Home/ Opinion / Views/  Let’s take an inclusive approach to the regulation of crypto assets

India’s finance minister Nirmala Sitharaman highlighted the centrality of international cooperation on crypto-asset regulation in the monsoon session of Parliament. This comes on the back of a tumultuous year for the crypto market, replete with margin calls and defaults. These adverse events have not translated to systemic risks because crypto assets are not yet deeply integrated with financial markets. However, financial regulators would do well to establish a framework for the oversight of crypto assets to prevent any possibility of future crises. The Financial Stability Board (FSB) recently announced that it will provide a roadmap to regulate certain crypto assets to G20 member nations in October, just in time for India’s presidency of the group, which begins later this year.

The FSB includes policymakers, central bankers and regulators of G20 members, along with financial centres such as Hong Kong, Singapore, Spain and Switzerland, and international standard-setting bodies. This makes it a lynchpin for international coordination on governance of financial markets. While, crypto-asset regulation is nascent in many emerging and developing economies (EMDEs) like India, in part because of a lack of state capacity, a risk-based and context-specific understanding of new markets is critical. The FSB breaks crypto markets down into three segments: unbacked crypto assets, stablecoins and decentralized finance. The risks within each of these should be juxtaposed against the local contexts of EMDEs.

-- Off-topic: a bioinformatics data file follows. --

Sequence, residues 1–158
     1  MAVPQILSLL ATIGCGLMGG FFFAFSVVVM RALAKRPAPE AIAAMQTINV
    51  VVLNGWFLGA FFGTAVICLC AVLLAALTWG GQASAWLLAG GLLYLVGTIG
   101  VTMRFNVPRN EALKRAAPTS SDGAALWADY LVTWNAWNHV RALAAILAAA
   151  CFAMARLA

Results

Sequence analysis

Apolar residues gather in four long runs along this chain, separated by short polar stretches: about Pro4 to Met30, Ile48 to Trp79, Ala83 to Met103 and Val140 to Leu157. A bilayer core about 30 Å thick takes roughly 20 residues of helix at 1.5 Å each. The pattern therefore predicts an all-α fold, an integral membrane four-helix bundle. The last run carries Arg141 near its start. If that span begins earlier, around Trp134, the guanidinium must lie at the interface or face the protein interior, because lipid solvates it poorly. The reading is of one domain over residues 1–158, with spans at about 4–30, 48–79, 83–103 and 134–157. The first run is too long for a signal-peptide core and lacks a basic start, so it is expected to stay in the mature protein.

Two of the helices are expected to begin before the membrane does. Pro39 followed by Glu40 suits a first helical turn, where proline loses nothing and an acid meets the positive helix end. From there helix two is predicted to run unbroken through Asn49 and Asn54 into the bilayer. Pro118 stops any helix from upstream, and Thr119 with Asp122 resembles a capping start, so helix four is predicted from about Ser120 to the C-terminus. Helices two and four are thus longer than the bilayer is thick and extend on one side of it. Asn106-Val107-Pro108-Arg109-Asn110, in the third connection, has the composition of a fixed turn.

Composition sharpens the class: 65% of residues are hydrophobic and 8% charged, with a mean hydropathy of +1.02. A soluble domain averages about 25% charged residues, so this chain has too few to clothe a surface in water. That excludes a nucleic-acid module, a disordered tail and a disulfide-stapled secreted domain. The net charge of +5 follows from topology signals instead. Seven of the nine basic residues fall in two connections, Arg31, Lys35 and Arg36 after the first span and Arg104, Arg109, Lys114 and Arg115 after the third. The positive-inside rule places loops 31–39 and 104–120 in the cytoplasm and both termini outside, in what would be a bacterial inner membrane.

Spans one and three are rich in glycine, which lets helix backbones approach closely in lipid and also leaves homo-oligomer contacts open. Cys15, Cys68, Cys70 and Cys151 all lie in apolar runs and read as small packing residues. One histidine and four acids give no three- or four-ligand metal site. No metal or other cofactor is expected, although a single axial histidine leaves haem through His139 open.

First, unbacked crypto assets derive their value from a mix of factors including cost of production, network effects, user sentiment and speculation. Several such assets are listed by centralized service providers that act like intermediaries and are regulated in advanced jurisdictions. For instance, the EU’s proposed Markets in Crypto Assets regulation specifies compliances that such intermediaries have to adhere to, including measures linked to consumer and investor protection. The EU has effectively established a template that may now be replicated widely by other jurisdictions. But it is important that EMDEs weigh in, via the G20 process, to help shape a context-appropriate and responsive global template.

EMDE citizens are more likely to enter financial markets via unbacked crypto assets as first-time investors. Therefore, it is important to preserve their trust in both financial institutions and government oversight. This could translate into more rigorous standards for listing of crypto assets in such markets by intermediaries. The EU prescribes that such intermediaries publish a white paper having some similarities with prospectuses published under existing financial regulation. EMDEs could consider additional criteria for ‘verification’ of crypto assets to protect investors.